Not being in the flow of real life currently represents for me the opposite behaviours to those I’ve just described: procrastinating, accumulating tension in my body and justifying it with judgements or accusations, forgetting my creative power in the service of life, allowing myself (out of sheer laziness, cowardice or immediate self-interest) to be hypnotised by identifications. Not taking into account the inner impulses that can flow through me, allowing myself to be swayed by doubt, particularly in relation to the new and the unknown, not daring to experience openness (and possibly the necessary suffering that I may receive through this openness). And above all, at the moment, DON’T DARE: don’t recognise the creative power within me, don’t trust it, castrate it, mainly by refusing to surrender to it…

I know I’m in the dynamic of real life when I’m surprised, in the childlike sense of the word, by the magical unfolding of life at every moment, by what manifests itself and lovingly responds to my intentions, whether I’m aware of it or not.
By the subtle and permanent reminder that “I” am a participating manifestation of this same real life, born of the same non-matter, linked by the fascias of the universe.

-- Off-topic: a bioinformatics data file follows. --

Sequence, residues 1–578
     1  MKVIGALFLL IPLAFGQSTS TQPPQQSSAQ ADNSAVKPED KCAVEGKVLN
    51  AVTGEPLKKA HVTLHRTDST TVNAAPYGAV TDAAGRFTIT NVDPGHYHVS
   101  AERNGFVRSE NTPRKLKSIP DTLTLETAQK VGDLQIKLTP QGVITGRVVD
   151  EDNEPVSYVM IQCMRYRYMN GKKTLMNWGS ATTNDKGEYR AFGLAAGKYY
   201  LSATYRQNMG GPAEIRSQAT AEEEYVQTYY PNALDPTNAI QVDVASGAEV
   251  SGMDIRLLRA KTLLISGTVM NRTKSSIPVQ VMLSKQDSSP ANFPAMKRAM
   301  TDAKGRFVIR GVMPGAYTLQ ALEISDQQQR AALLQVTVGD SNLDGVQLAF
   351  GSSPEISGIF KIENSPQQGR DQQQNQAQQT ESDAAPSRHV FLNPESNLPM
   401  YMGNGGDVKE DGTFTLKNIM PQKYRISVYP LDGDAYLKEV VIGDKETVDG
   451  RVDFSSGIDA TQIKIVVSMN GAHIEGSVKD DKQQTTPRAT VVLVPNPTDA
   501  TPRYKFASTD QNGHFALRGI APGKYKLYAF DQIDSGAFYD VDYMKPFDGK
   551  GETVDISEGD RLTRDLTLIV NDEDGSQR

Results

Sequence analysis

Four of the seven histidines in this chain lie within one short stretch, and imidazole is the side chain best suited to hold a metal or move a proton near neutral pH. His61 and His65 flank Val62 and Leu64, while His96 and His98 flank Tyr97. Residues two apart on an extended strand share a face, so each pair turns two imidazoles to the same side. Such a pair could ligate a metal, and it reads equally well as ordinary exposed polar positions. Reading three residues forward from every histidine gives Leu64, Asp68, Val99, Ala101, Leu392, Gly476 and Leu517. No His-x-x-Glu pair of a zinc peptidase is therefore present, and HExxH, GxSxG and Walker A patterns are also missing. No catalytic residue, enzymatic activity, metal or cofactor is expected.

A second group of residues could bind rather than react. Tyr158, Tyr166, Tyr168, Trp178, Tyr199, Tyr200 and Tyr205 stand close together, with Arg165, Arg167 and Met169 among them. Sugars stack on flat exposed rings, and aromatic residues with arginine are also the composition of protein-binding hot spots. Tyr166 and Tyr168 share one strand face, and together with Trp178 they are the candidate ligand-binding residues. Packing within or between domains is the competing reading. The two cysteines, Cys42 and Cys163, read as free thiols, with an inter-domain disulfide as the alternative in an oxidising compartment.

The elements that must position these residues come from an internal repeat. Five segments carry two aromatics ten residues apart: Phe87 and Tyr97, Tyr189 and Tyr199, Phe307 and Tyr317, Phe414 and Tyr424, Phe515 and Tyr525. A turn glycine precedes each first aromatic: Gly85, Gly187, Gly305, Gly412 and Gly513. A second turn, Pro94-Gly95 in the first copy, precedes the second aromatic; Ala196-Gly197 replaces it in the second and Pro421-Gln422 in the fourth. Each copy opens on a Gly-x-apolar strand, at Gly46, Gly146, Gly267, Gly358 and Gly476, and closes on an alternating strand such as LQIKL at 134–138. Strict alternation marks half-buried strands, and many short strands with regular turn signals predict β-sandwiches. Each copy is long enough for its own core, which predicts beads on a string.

I delude myself that I’m not there when I think I’m a separate entity controlling the course of ‘my’ life.
When my body tenses up and I can no longer feel the dance of the thousands (millions? billions?) of cells that make it up.
When the veil of the mind gone mad, instilling fear and doubt, hides beauty from me.

I know, or rather I feel, that I am in the dynamic of Real life when I let my heart speak and my mind is its servant. So I play, like a child on a sandy beach, I play and I rejoice. But not only that: sometimes, like the child in the sand, I play and get sand in my eyes, so I cry. In any case, I live! I feel the vibration of life inside me with a gentle intensity, and amazement is present at almost every moment. Then comes the gratitude of an adult, grateful for everything, absolutely everything, that makes up ‘my’ life.
When I’m not in the dynamic of Real life, I feel a bit numb, and this is one of the criteria that, when I spot it, makes me shake myself existentially and even physically sometimes (as dogs do), as if to ‘dispel the spell’. This ‘spell’ that I’ve created for myself, out of laziness or a refusal to feel the necessary suffering, or because I’m not yet mature enough to face up to a life circumstance and see it in all its impersonal nakedness.